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'What TESS is Going to Do is Get Big Data From Stars Close to Earth' – Expert

CC0 / / Stars
Stars - Sputnik International
NASA's new TESS satellite was launched into orbit on Wednesday from Cape Canaveral in Florida on a mission to find new planets beyond our solar system. Sputnik discussed the novelty of the space telescope with Sara Seager, TESS deputy director of science at MIT, a planetary scientist and astrophysicist.

Sputnik: How novel is this space telescope and how markedly different is it from the previous ones?

Sara Seager: The amazing thing about TESS is that it is not actually that novel, nothing on it is actually brand new or pushes the envelope, what is novel is the way it's put together. TESS essentially has four, think of it as a glorified telephoto lens, but an extremely custom-made, very expensive lens, and the lenses are actually only about 10 cm in diameter in aperture but the fact that they're all put together and they cover a very, very wide angle of view — that's what is unique about TESS.

Artist concept of TESS in front of a lava planet orbiting its host star. Image credit: NASA’s Goddard Space Flight Center - Sputnik International
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Sputnik: What's the underlining ambition then in terms of the strategy of the project? What prospects does the launch of TESS now open up for astronomy and space exploration in general?

Sara Seager: In general not just space science but lots of fields, they're moving towards big data, so what TESS is going to do is to get big data but of stars that are close to Earth, all of the stars are actually far away but we're interested in the closest stars with planets because they're the brightest and that brightness lets us do all kinds of follow up measurements.

Sputnik: What exactly will the planet detection process look like then?

Sara Seager: We will be getting images of lots of stars, in total hundreds of thousands of stars at a two minute cadence, and honestly, millions of stars at 30 minute cadence, and every month TESS will observe one strip of the sky, going almost from the equator to pole, first the southern hemisphere and month to month moving on to a new strip and then the northern hemisphere, so every month we will be getting tons and tons of data down with images that will use our computers both at NASA and here at MIT to clean up the images, first of all, and then to look at each star, star by star for special stars of interest, looking for a tiny drop in brightness that might signal that the planet is going in front of it.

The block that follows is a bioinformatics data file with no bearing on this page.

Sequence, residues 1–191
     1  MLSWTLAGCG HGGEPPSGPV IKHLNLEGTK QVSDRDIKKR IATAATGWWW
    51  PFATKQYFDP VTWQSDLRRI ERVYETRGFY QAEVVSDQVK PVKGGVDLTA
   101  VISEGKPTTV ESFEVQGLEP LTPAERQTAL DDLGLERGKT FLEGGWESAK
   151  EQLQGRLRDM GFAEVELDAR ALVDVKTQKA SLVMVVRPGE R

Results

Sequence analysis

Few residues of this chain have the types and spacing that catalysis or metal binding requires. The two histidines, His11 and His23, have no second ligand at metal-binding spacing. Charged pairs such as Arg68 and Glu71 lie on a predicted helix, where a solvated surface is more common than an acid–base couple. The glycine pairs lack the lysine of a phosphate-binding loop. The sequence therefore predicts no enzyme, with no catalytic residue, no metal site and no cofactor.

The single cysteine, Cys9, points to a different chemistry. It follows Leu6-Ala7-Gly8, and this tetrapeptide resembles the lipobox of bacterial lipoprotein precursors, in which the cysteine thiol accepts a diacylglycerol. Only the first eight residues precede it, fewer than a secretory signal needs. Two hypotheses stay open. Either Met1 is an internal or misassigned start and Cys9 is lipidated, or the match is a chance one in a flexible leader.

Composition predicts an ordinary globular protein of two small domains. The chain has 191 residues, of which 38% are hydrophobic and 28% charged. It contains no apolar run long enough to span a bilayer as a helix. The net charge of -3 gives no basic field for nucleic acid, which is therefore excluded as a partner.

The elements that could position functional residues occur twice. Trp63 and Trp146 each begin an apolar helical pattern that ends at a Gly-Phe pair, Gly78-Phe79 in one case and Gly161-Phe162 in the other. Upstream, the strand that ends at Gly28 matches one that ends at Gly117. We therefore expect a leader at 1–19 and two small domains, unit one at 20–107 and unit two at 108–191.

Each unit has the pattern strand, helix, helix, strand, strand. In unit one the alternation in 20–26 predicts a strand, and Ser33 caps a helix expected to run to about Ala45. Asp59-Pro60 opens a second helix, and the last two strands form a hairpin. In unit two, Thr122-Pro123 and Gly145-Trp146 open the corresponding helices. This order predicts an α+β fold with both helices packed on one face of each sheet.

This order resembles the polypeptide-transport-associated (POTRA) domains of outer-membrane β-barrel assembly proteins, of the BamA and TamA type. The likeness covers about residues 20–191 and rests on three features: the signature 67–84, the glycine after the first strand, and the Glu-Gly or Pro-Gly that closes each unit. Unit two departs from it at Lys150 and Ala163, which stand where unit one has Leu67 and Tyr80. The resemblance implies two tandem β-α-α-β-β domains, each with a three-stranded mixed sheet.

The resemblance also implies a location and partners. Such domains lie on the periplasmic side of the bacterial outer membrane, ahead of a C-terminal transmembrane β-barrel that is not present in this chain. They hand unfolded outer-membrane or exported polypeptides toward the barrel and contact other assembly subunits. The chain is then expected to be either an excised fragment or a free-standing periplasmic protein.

READ MORE: NASA’s Transiting Exoplanet Satellite Takes Off From Cape Canaveral After Delay

The funny thing I wanted to share is that this kind of planet finding is not actually brand new, our data will be new and different, so after that we need to sort through whether these little drops in brightness are artefacts in the data or maybe they are binary stars or planets, and that kind of unleashes a whole other subset of the TESS […] from people all around the world helping to disentangle real planet signals from other artefacts.

Sputnik: The potential sounds absolutely huge and very, very exciting perhaps, you can explain to us what could be the practical application of the huge knowledge that you're going to gain now moving forward?

Sara Seager: For planets themselves we don't have a huge practical application in this regard, we're really just trying to explore what is out there, who, if anything, is out there, and one of our exciting goals amidst all of the thousands of planets we hope to find, is to find a set of small planets, rocky planets orbiting in their stars, the so-called goldilocks zone, not too hot, not too cold but just right for life, and those ones will be the prime set of stars with planets that we and other people will be wanting to follow up.

READ MORE: NASA to Launch a 'Planet Hunter' in a Bid to Scan Their Atmosphere

Sputnik: What's your particular hope and expectation? What are you most excited about regarding these projects?

Sara Seager: What I'm most excited about, aside from the possibility to search for planets that might host life, is astronomers have found thousands of planets impart thanks to the pioneering Kepler space telescope, and we know the planets are there, we know their sizes, we know their orbits, but that's about it, and we have like a giant mystery, all these planets and we haven't found any solar system copies. We found all kinds of planets that appear to be nothing like anything in our solar system, but to get more information we need to find the same set of planets that are much closer, orbiting stars that are much closer to Earth than the ones that exist already so we can follow up and find out what the planets might be really like.

The views and opinions expressed by Sara Seager are those of the speaker and do not necessarily reflect those of Sputnik.

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